Expanding Professionalism in the Arts

Expanding Professionalism in the Arts

These contributions reflect recent discussions on expanding professionalism in the arts. The narrative scans how some interviewees in the Fast45-project talk about such expansion, how some of the new work opportunities call for new competencies from professionals in the arts and what this could mean for art education. The video is a creative representation of the same topic.

Video Essay

Video credits

Kai Lehikoinen & Satu Tuittila,

Videography and voice-over:
Eeva Siljamäki,

Pictures, videos, and music:


Expanding Professionalism in the Arts

Written by Kai Lehikoinen and Satu Tuittila, Center for Educational Research and Academic Development in the Arts, University of the Arts Helsinki, 2022.


“I think the artists, a lot of artists have very different views and very different ideas on how to create things. And I think that’s the main part. That the most important part about an artist is creativity.”

Denise Bischof

Denise Bischof is currently studying the master’s program Creative Technologies at Film University Babelsberg KONRAD WOLF in Germany. She was interviewed by the FAST45 Knowledge Alliance on the 7th of April 2021.

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In the new millennium, the arts have become a domain of growing diversity, and the narratives that frame professionalism in the arts have become increasingly fluid and deterritorialised (Gielen, 2015). Future professional expansions in the arts will most likely contribute to further diversification of artists’ professional aspirations, mindsets, focuses, ways of working, and partnerships. Despite such diversification, it is fair to agree with Denise Bischof, a software developer and a master’s student in Creative Technologies at the Film University Babelsberg, Potsdam, Germany, who sees creativity as a professional core competence of all artists even if their views on how to make art may differ.

This article uses recent discussions on expanding professionalism in the arts as a springboard to probe the phenomenon. We scan how some interviewees in the Fast45-project talk about such expansion and how some of the new work opportunities call for new competencies from professionals in the arts.

Changing Professionalism in the Arts

Diverse professional practices in the arts are connected to the notion of professionalism that, according to researchers Helena Gaunt and Heidi Westerlund (2021, xiv), includes “the conduct, aims, values, responsibilities, and ongoing development of a practicing professional.” Drawing from educational theorists David Carr’s work on professionalism and ethics, they claim that professionalism in the arts is concerned “both with competencies and with the enacting of working practices in occupations that are inherently ethical in nature” (ibid.). They see that “professionalism in music, as for other art forms, opens the way to professional status, embracing newer values, ethics, and purposes, but at the same time continuing to champion specialist expertise at the heart of practice” (Gaunt & Westerlund 2021, xv, emphasis in original). Thus, the core of artists’ professional practice still entails skill and ability to work with relevant art media and instruments and artistic creativity in its different forms.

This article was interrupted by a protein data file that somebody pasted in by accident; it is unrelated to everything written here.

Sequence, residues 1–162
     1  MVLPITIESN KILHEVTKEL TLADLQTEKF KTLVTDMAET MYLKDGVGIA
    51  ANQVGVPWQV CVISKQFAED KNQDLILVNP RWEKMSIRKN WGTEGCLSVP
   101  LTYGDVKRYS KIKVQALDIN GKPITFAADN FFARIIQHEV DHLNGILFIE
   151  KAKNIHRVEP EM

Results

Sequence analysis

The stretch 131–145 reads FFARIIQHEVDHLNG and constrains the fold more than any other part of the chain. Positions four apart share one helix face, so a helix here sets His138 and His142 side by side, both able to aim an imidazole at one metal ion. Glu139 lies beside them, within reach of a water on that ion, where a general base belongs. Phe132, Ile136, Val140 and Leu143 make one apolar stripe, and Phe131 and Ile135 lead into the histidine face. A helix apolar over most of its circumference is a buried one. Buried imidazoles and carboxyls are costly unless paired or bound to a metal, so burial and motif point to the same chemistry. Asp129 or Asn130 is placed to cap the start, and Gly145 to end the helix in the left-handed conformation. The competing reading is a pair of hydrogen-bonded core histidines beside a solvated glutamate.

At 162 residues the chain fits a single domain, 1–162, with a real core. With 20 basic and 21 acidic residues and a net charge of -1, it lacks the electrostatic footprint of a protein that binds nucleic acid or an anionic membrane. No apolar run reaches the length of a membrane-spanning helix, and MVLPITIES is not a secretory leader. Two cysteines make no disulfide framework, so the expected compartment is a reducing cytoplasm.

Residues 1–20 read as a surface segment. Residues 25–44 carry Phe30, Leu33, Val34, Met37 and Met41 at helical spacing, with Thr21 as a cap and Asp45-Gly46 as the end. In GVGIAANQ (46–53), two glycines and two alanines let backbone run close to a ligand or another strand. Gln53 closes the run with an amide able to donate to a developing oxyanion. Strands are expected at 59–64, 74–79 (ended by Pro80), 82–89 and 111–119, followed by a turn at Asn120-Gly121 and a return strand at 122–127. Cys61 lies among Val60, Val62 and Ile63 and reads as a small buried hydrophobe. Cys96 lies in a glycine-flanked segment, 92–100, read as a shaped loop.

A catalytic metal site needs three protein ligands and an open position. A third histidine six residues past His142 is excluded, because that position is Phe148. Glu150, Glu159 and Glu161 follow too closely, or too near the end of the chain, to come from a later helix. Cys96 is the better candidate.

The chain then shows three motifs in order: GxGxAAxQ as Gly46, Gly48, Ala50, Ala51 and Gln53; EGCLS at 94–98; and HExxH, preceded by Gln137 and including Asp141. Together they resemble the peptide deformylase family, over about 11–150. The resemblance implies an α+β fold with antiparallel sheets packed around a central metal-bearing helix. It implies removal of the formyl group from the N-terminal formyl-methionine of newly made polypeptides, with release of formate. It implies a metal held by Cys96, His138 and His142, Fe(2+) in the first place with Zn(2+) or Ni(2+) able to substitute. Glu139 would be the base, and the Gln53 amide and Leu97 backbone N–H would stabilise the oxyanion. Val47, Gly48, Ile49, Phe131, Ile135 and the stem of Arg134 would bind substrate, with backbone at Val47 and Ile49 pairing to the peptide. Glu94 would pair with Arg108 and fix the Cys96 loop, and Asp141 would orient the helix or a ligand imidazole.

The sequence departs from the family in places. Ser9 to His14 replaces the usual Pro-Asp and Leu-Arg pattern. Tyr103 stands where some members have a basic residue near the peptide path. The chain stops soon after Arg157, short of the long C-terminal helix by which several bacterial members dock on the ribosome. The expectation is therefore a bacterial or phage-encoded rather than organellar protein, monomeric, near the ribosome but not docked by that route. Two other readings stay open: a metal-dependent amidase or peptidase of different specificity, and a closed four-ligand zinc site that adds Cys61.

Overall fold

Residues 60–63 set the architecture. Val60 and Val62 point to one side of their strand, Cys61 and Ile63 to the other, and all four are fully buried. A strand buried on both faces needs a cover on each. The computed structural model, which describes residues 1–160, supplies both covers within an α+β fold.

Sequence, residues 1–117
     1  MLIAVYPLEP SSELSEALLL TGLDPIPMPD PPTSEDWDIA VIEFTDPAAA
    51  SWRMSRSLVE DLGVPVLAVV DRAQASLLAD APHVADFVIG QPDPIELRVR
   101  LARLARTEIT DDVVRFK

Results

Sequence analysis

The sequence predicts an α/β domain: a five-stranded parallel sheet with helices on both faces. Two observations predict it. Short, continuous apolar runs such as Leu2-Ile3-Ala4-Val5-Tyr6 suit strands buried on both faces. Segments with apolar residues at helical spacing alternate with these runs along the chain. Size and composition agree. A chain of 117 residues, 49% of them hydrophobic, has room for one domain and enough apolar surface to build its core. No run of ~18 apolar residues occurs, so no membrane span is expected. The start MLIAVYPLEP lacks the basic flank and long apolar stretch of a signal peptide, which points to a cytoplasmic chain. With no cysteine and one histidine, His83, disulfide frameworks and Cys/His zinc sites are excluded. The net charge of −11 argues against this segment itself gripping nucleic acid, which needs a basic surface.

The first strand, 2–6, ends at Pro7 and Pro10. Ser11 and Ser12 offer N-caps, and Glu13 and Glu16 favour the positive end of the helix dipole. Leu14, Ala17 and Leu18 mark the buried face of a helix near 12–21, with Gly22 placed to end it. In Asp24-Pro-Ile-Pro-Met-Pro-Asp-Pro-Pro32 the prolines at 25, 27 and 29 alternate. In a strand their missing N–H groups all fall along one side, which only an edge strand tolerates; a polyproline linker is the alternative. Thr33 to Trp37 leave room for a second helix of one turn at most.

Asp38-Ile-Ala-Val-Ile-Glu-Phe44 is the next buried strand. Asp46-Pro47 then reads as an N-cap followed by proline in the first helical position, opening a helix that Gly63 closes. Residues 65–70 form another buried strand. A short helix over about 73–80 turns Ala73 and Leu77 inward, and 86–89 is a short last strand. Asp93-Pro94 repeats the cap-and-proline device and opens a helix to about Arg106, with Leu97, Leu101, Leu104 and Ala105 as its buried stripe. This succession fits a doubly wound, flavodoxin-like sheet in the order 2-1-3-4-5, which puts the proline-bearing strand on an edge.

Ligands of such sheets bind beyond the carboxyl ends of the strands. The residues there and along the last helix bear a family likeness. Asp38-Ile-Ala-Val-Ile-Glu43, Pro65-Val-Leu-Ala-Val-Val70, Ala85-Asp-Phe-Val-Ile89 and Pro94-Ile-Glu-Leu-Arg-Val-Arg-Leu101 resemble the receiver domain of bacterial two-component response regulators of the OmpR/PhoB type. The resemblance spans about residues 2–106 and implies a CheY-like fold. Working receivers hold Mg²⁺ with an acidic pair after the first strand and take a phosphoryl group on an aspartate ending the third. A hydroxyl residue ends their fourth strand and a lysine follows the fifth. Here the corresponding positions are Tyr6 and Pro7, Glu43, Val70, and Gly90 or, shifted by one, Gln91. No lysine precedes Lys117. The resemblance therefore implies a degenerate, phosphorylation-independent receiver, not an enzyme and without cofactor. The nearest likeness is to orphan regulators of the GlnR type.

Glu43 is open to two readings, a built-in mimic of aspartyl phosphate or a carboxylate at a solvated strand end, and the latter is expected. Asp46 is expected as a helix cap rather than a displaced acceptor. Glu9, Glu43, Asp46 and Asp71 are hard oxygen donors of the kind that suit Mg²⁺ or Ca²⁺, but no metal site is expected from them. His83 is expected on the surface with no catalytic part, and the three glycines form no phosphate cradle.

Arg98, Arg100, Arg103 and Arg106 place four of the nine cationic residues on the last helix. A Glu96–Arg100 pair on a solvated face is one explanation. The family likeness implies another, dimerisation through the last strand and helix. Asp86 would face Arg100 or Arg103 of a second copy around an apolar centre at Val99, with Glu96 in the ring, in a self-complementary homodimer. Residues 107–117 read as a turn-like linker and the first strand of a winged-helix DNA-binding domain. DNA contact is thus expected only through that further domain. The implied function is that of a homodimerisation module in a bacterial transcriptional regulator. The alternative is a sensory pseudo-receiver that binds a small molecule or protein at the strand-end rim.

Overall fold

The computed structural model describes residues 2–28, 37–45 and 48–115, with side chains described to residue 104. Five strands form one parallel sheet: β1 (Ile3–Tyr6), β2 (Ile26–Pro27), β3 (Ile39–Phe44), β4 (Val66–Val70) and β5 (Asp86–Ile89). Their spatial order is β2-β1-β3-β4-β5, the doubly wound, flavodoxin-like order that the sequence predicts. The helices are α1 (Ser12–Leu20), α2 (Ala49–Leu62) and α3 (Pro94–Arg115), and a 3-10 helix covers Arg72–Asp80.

Yet, professionalism in the arts expands and the value of the arts, artistic thinking and creativity is increasingly recognised in new contexts outside the arts field: for example, in health and care, innovation development, organisation development, and youth work (Fancourt & Finn 2019; Heinsius & Lehikoinen 2013; Berthoin Antal 2015; Catterall et al. 2012). It is, therefore, necessary to reconsider not only what the future work of artists, art educators, and artist-researchers may encompass but also how higher arts education prepares them for their prospective careers.

In the Fast45-project, we strive to understand the possible futures of higher arts education in Europe. For that purpose, we interviewed several arts professionals in several European cities. For this article, we qualitatively analysed the interviews to pull out how some interviewees refer to expanding professionalism in the arts. We wanted to find out, how the interviewees perceive such expansion and what they say about additional competencies that professionals in the arts may need beyond the core artistic competencies in the future. What do such competence needs suggest for future higher arts education as the world of work is changing in the arts and elsewhere?

Changes in the World of Work

While the exploration of artistic ideas and their materialization with the creative play of imagination will continue to be of primary interest for most artists, even their work and mindsets concerning their professional role are likely to transform in tandem with changes in working life. The world of work is undergoing some of the most radical change since the Industrial Revolution (see, e.g., Dent et al. 2016; Susskind & Susskind 2015; Vogd 2017). Schwab (2016) claims that these changes are driven by the exponential pace of new breakthroughs and their scope of disruption, which is global and includes almost every professional field. Further, the systems impact transforms production, management, and governance modes (ibid.). Liakopoulos, Barry and Schwartz (2013) from the international consulting service Deloitte Development LCC write how a macro shift towards the open talent economy will expand organizations’ talent networks, including:

“‘partnership talent’ (employees who are parts of joint ventures), ’borrowed talent’ (employees who are part of contractors or outsourcing relationships), ’freelance talent’ (independent, individual contractors), and ’open source talent’ (people who don’t work for you at all, but are part of your value chain and services).”

Liakopoulos, Barry & Schwartz 2013, 35

Driven by globalization, technological development, mobile computing, the explosive growth of the education sector, social media, and analytics, this shift “will ultimately rewrite what the term ‘workforce’ actually means” (Ibid.), they argue. Moreover, it is likely to embrace almost every industry globally, calling for both employers’ and employees’ resilience, flexibility, and adaptability.